American Policing at a Crossroads
New York University School of Law
Yale University - Law School
Aziz Z. Huq
University of Chicago Law School
August 23, 2010
Journal of Criminal Law and Criminology, Forthcoming
NYU School of Law, Public Law Research Paper No. 10-55
U of Chicago, Public Law Working Paper No. 337
As victimization rates have fallen, public preoccupation with policing and its crime control impact has receded. Terrorism has become the new focal point of concern. But satisfaction with ordinary police practices hides deep problems. The time is therefore ripe for rethinking the assumptions that have guided American police for most of the past two decades. This essay proposes an empirically grounded shift to what we call a procedural justice model of policing. When law enforcement moves toward this approach, it can be more effective, at lower cost and without the negative side effects that currently hamper responses to terrorism and conventional crime. This essay describes the procedural justice model, explains its theoretical and empirical foundations, and discusses its policy implications, both for ordinary policing and for efforts to combat international terrorism.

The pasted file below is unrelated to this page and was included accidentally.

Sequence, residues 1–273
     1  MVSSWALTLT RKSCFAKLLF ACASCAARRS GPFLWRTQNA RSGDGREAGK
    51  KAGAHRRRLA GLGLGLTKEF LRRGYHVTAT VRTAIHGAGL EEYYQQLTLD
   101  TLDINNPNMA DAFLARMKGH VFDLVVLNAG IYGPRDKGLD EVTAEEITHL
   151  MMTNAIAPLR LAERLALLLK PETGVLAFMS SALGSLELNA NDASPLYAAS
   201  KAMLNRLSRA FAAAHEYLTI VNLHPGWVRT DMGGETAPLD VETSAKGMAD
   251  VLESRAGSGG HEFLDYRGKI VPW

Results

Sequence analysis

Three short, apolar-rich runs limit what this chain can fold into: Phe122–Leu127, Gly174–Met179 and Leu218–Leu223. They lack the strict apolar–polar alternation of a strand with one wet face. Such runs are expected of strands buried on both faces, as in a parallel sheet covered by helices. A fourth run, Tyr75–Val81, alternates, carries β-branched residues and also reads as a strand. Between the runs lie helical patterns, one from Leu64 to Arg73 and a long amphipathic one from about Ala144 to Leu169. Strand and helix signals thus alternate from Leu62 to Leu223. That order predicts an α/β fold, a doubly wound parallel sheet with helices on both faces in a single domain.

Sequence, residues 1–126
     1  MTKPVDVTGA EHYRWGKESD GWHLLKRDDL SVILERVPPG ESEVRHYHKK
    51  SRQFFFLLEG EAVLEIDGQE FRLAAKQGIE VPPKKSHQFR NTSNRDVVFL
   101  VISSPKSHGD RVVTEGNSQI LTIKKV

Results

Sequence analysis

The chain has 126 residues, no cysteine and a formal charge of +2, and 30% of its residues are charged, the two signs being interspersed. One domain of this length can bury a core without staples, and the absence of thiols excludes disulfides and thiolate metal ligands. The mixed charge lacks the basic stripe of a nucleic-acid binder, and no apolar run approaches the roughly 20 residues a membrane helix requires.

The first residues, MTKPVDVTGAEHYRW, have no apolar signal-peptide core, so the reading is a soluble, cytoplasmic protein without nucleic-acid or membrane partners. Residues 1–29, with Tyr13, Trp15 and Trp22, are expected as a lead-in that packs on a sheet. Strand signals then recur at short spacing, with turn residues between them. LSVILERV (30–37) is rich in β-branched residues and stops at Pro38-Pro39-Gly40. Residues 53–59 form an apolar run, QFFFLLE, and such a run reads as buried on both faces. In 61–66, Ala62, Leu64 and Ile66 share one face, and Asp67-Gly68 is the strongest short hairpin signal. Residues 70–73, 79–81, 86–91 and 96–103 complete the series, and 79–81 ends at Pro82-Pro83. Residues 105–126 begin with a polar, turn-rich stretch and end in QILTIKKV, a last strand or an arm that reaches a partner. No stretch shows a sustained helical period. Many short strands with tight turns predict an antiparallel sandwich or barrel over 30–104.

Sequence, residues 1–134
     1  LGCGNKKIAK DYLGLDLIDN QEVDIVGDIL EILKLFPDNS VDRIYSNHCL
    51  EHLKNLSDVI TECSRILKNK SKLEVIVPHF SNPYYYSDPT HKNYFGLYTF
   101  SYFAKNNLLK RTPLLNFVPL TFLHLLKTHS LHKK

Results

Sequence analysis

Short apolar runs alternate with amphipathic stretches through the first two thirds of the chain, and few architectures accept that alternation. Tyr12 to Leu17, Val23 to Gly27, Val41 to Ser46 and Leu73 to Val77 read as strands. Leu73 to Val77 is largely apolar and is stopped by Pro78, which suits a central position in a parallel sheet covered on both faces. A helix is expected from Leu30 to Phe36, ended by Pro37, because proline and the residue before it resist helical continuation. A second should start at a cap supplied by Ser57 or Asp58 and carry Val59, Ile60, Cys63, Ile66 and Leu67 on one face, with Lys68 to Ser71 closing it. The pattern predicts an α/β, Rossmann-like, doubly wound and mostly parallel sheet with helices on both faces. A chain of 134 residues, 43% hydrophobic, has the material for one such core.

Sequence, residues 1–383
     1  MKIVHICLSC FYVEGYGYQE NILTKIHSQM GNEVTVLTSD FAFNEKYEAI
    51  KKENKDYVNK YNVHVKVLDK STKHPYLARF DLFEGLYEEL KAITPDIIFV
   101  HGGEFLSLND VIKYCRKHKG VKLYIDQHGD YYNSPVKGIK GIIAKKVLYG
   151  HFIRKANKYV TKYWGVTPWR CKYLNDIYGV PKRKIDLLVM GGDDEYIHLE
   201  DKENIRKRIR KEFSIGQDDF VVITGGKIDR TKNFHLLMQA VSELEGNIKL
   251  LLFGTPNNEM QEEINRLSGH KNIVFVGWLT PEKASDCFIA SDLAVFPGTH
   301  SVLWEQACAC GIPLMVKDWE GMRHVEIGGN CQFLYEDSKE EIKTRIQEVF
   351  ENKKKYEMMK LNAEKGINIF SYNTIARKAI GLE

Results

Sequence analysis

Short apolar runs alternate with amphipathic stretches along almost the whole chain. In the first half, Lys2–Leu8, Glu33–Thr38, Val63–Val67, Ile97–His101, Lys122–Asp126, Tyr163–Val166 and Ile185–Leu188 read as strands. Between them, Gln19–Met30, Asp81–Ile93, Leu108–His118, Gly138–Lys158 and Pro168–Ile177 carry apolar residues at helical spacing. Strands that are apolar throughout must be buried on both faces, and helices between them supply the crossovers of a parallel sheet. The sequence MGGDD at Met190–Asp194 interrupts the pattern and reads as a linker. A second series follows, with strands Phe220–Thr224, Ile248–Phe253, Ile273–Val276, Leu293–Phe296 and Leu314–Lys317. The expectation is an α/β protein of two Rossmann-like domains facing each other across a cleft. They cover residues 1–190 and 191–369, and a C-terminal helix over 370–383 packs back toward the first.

Number of Pages in PDF File: 46Accepted Paper Series
Date posted: August 24, 2010 ; Last revised: February 10, 2011
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